Indian Law Forces Nab Four in Relation to Cryptocurrency Fraud Scheme


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According to a July 5, 2019, report by The Times of India, State Crime Investigation Department (CID) has unearthed yet another cryptocurrency scam in Surat, India, which is estimated to have defrauded investors of more than $180,000.

Yet Another Indian Crypto Scam

The Catch-22 situation of cryptocurrency regulations in India has indirectly led to the rise of a slew of Ponzi schemes and frauds that prey on investors’ lack of knowledge about digital currencies.

In the latest of such cases, the Gujarat CID has arrested four individuals suspected of orchestrating a cryptocurrency fraud scheme. On July 4, 2019, Gujarat residents Vijay Prajapati, Dhiraj Patel, Kamruddin Syed, and Ashiq Shaikh were nabbed by the state CID concerning the “KBC Coin” scam. The Ponzi scheme’s promoters Baljeetsingh Lashkariya and Mohan Patel are absconding, the report notes.

Although the initial amount of the fraud was estimated to be around $180,000, sources close to the CID believe that the actual figure and the number of victims “are likely to be much bigger.”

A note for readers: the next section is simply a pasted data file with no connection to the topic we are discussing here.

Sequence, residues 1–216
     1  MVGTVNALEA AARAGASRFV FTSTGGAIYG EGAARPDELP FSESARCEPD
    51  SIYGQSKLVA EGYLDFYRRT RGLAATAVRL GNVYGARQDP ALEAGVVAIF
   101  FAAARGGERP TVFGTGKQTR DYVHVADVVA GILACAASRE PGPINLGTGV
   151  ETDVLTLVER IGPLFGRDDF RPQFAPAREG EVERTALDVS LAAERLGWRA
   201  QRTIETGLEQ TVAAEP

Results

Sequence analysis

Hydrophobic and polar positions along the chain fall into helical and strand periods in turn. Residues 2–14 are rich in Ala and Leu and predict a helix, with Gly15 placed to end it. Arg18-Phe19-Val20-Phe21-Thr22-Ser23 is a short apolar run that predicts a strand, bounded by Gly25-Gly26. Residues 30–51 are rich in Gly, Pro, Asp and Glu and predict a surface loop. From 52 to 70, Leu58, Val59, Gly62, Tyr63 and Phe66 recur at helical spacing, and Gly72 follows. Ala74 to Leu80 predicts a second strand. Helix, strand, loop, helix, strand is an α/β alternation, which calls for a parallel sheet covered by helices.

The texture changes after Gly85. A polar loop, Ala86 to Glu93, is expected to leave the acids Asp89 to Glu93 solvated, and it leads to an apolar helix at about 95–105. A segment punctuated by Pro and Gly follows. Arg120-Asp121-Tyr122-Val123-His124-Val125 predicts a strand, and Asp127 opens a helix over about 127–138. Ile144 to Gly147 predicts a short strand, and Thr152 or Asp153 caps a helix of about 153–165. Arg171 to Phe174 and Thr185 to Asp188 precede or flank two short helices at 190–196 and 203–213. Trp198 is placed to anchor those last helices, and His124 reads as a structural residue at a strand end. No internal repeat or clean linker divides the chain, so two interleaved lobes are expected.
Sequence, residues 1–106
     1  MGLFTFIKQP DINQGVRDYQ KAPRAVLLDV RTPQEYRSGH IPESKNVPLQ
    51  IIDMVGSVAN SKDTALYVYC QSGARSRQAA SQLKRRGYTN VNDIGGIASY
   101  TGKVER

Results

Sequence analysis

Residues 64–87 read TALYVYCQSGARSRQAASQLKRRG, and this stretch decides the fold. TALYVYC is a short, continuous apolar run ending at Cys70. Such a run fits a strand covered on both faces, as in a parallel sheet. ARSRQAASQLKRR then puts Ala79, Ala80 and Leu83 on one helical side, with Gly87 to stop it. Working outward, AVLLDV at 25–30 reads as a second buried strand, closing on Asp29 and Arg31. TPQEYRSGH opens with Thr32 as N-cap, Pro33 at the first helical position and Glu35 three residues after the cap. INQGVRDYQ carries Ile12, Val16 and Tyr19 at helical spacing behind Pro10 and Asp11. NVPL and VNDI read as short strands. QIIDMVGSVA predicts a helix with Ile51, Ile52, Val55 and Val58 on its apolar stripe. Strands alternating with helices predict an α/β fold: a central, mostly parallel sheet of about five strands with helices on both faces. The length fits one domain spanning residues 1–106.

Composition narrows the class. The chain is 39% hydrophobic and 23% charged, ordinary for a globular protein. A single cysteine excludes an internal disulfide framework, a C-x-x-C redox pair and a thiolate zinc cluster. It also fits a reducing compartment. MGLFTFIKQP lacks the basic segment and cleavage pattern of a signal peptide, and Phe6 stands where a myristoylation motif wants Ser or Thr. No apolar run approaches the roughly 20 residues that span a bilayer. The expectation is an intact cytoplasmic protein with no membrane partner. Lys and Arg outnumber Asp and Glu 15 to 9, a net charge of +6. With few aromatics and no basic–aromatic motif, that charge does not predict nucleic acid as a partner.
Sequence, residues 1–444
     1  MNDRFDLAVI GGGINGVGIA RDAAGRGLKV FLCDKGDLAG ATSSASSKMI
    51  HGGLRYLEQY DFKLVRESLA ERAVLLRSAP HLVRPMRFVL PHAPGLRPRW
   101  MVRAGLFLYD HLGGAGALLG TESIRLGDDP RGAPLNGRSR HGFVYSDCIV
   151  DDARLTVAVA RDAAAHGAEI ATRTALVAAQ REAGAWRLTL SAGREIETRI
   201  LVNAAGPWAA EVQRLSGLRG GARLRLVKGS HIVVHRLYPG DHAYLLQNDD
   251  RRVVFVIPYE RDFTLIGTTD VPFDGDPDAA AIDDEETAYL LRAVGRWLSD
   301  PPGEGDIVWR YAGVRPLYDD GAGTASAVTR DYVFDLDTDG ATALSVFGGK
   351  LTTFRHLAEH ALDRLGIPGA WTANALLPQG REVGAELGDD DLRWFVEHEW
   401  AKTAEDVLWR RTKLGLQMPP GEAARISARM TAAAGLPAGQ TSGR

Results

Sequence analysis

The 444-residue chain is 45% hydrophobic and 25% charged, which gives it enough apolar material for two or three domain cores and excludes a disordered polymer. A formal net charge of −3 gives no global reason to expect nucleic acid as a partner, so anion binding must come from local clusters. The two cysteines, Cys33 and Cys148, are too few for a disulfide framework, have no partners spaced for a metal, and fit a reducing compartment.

Per the report, the perpetrators lured people into investing in KBC Coin with the promise of converting $0.0015 into $0.15 “in no time.” Such a tremendous price appreciation of 1,000 percent should have been an immediate red flag.

Gujarat CID official, Ashish Bhatia, said that promoter Lashkariya first solicited investments roughly two years ago. At the time, Lashkariya promised thousands of investors exorbitant returns for investing in the financial product.

The police state that Lashkariya actively promoted the Ponzi scheme in various parts of the Gujarat state, having opened branches in Palanpur, Mehsana, and Ahmedabad. Bhatia said:

“The value of KBC Coin never increased and within six months, the promoters went underground.”

Lack of Regulations to Blame?

It’s worth highlighting that this is not the first time that Indian law forces have arrested people for their suspected involvement in the KBC Coin Ponzi scheme. As reported by BTCManager in February 2019, Mumbai resident Pritam Patil – along with his close associates – was accused of duping about 12 investors of more than $250,000 via KBC Coin.

In the past, many other supposedly attractive investment products have been used as bait to lure innocent investors into doing away with their money. Fake cryptocurrencies will continue to defraud naive investors until crypto regulations become a reality in India.

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